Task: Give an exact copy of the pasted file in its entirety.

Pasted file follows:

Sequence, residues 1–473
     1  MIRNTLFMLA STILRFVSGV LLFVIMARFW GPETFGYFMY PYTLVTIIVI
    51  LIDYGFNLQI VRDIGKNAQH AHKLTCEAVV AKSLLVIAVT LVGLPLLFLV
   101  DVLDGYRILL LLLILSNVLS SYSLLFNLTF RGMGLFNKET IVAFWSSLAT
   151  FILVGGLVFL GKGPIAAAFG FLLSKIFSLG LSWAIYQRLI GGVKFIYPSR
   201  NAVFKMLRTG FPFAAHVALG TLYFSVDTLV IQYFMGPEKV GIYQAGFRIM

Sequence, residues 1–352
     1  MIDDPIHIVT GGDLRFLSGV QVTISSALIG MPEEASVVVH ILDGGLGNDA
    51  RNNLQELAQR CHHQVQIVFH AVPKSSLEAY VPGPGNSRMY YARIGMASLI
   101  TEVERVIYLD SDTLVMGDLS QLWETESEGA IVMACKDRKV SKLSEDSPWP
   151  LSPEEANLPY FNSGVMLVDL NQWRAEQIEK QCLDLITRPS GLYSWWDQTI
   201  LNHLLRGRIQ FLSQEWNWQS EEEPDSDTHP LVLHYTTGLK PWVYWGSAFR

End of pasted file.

Sequence, residues 1–473
     1  MIRNTLFMLA STILRFVSGV LLFVIMARFW GPETFGYFMY PYTLVTIIVI
    51  LIDYGFNLQI VRDIGKNAQH AHKLTCEAVV AKSLLVIAVT LVGLPLLFLV
   101  DVLDGYRILL LLLILSNVLS SYSLLFNLTF RGMGLFNKET IVAFWSSLAT
   151  FILVGGLVFL GKGPIAAAFG FLLSKIFSLG LSWAIYQRLI GGVKFIYPSR
   201  NAVFKMLRTG FPFAAHVALG TLYFSVDTLV IQYFMGPEKV GIYQAGFRIM

Sequence, residues 1–352
     1  MIDDPIHIVT GGDLRFLSGV QVTISSALIG MPEEASVVVH ILDGGLGNDA
    51  RNNLQELAQR CHHQVQIVFH AVPKSSLEAY VPGPGNSRMY YARIGMASLI
   101  TEVERVIYLD SDTLVMGDLS QLWETESEGA IVMACKDRKV SKLSEDSPWP
   151  LSPEEANLPY FNSGVMLVDL NQWRAEQIEK QCLDLITRPS GLYSWWDQTI
   201  LNHLLRGRIQ FLSQEWNWQS EEEPDSDTHP LVLHYTTGLK PWVYWGSAFR